By the end of the 24 hours, at noon on Sunday, a total of 48 completed projects were submitted. The projects were judged on the basis of their uniqueness, complexity, and impact factor. Prizes for the awards totaled $11,120. Tech industry members from Walmart, State Farm, Wolters Kluwer, and Raytheon were amongst the judges. Once the top five projects were selected a panel of judges consisting of Mr. Izuchukwu Elechi, Co-Founder of HackUTD and a Former President of the UT Dallas ACM, Diem-Nhi Tran, Co-Founder of HackUTD, Zakariya Ahmed a Former Vice President of the UT Dallas ACM, and Bryan Chambers, Director at Blackstone LaunchPad, selected the winner, the runner-up and the second runner-up.
The following are brief descriptions of first, second, and third place winning projects of HackUTD’17:
- First Place: Julian – Julian is a tutoring platform that rapidly connects students to qualified tutors over text. Users simply text (508) 444-9679 or provide their phone number on the website. Once a user has asked a question over text, tutors can see it in their dashboard, claim the question, and answer it. The app automatically handles keeping track of the question in the database and texting the user once their question has been answered.
- Second Place: SwordzVR – A multiplayer virtual reality experience where two players can sword fight each other in the same virtual space.
- Third Place: Untriggered – A Google Chrome extension where the user inputs certain words or phrases that may be triggers for them. Untriggered scans each page the user visits and warns the user of a potential trigger before the user can view the page. Ultimately, the user can decide whether they want to continue onto the page or not. This way the user has full control of their online experience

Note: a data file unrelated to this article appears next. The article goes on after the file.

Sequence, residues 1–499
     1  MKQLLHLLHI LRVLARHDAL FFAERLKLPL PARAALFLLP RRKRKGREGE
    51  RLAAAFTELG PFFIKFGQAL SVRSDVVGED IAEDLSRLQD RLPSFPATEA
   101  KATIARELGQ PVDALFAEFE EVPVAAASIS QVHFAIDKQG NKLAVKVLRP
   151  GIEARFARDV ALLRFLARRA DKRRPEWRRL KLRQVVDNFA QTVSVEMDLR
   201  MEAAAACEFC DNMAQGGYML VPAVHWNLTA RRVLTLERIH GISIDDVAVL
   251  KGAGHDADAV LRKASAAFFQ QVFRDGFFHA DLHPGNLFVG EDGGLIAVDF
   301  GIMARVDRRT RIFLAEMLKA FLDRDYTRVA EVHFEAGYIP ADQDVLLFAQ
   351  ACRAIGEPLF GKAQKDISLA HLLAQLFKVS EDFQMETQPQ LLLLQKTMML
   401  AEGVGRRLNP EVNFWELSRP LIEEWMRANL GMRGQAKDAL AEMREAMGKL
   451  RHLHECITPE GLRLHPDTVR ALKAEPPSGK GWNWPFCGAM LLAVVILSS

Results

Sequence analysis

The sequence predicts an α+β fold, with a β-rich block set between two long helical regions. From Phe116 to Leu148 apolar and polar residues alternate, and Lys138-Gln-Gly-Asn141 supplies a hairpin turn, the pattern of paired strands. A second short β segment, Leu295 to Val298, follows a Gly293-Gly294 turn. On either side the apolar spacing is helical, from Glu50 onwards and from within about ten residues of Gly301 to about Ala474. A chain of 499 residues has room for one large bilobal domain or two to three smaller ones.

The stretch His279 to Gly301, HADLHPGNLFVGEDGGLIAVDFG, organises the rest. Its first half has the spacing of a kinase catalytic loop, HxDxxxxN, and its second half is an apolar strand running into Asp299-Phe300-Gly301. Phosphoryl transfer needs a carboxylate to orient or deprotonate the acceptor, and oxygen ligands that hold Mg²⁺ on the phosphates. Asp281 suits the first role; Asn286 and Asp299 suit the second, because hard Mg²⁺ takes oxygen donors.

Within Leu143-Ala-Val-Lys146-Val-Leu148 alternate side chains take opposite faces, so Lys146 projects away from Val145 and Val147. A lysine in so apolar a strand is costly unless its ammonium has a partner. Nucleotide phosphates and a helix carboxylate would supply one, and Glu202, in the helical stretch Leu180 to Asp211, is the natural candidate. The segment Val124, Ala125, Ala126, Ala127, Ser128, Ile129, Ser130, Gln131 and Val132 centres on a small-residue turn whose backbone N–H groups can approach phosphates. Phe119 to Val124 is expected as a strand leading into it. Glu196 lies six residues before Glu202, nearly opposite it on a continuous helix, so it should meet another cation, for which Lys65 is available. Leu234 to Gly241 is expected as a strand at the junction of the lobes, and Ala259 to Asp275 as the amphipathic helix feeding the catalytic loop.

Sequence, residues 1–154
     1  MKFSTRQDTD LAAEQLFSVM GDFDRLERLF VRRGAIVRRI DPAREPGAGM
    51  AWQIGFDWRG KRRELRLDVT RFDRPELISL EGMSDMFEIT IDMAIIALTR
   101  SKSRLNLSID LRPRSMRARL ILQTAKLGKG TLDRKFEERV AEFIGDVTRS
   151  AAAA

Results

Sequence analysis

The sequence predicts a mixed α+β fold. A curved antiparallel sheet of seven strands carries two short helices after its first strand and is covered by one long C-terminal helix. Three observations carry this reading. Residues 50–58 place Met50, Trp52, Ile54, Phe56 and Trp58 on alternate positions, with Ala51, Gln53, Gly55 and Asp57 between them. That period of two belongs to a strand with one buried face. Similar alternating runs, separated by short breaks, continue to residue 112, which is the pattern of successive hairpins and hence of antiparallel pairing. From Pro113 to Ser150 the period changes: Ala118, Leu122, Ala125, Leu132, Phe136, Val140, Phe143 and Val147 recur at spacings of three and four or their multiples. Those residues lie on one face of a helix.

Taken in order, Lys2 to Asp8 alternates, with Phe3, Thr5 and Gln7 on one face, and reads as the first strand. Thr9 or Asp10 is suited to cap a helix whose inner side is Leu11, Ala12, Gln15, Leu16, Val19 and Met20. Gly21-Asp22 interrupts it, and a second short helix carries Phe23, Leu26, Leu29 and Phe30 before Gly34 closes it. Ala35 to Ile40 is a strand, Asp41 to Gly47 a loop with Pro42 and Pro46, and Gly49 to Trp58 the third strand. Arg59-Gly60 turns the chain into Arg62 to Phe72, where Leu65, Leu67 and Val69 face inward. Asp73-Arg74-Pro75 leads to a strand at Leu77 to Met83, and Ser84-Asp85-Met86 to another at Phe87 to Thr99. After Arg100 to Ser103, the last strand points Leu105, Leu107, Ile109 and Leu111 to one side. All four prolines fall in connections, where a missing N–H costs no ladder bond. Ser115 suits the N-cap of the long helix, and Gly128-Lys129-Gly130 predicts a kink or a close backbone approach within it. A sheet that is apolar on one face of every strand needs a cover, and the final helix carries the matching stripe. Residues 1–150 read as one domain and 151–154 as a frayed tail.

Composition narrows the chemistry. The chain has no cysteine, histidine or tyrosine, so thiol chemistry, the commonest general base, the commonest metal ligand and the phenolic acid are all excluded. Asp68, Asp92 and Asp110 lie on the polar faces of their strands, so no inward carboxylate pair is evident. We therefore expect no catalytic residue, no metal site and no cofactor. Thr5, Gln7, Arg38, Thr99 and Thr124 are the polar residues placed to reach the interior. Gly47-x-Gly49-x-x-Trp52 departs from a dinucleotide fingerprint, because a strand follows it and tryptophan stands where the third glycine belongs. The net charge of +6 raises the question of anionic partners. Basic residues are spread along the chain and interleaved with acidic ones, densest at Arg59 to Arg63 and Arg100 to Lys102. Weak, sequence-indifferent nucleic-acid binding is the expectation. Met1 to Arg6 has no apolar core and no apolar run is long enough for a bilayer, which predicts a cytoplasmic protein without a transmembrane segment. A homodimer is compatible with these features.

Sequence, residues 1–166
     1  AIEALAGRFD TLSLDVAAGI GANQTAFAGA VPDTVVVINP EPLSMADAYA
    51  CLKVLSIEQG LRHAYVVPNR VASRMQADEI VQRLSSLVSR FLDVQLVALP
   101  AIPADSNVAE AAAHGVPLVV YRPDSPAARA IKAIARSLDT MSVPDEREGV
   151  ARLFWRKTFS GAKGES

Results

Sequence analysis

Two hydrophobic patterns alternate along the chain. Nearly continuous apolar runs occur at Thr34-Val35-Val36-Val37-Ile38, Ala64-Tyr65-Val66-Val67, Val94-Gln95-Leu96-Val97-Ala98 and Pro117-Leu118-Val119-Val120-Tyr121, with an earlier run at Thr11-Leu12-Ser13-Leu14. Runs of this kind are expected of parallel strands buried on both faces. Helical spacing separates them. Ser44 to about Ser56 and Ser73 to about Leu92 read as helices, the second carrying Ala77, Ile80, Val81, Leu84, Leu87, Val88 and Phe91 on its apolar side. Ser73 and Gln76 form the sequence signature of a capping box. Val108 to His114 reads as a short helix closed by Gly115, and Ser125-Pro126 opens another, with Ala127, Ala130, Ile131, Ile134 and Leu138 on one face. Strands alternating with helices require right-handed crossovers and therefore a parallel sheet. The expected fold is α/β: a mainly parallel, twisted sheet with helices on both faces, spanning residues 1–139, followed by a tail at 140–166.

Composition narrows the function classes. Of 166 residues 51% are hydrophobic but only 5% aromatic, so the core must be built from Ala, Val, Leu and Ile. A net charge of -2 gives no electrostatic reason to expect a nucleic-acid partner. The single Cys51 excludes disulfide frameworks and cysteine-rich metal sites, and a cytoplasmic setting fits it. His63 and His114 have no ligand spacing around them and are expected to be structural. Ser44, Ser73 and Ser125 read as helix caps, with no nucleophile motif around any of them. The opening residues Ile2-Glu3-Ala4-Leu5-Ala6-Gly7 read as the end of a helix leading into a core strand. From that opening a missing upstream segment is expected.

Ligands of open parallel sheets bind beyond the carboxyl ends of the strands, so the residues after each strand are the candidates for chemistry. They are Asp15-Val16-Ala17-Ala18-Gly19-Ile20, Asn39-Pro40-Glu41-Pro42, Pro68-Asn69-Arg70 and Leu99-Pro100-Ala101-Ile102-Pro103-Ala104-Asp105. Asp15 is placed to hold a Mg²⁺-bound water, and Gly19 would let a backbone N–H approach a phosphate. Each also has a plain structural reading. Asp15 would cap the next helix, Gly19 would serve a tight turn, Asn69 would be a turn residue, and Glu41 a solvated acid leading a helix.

Additional awards in subcategories were presented as well, these included:
- Mobile Track – Holy Stone HS170 Predator Mini RC Helicopter Drone $2000 Scholarship to Make School Summer iOS Program – SensorStrike – This app allows the user to emulate keyboard strokes and mouse clicks with their smartphone. By using the orientation sensor on the phone, the team was able to control the mouse cursor with a mobile phone. For this Hackathon, they have specifically tailored their app for CS:GO. This will enhance the gaming experience for pros and beginners alike.
- Design Track – Huion Graphics Tablet – DJCollab – DJCollab uses an iOS mobile application as well as a web client to interact with the system to add songs from multiple users within a “party” to queue up songs and keep the party going.
- Hardware Track – TI Launchpad Kits – Watchpot – An electric pot stirrer with thermal monitoring controllable by an IOS App
- Amazon Web Services – Best Use of AWS – $250 AWS Credit – Julian – Julian is a tutoring platform that rapidly connects students to qualified tutors over text.
- #HackHarrasment – Use your tech skills for good and hack online harassment. Build a software solution that can help reduce the frequency and/or severity of online harassment. Win HackHarassment Power Bank.
- Best Domain Name from Domain.com. – Domain.com Swag Bags – Junk Monkey – Blockchain based trash collection app.
You can view all the submissions here.
Click here to view all the photos from the event.
ABOUT THE UT DALLAS COMPUTER SCIENCE DEPARTMENT
The UT Dallas Computer Science program is one of the largest Computer Science departments in the United States with over 2,100 bachelor’s-degree students, more than 1,000 MS master’s students, 150 PhD students, and 86 faculty members, as of Fall 2016. With The University of Texas at Dallas’ unique history of starting as a graduate institution first, the CS Department is built on a legacy of valuing innovative research and providing advanced training for software engineers and computer scientists.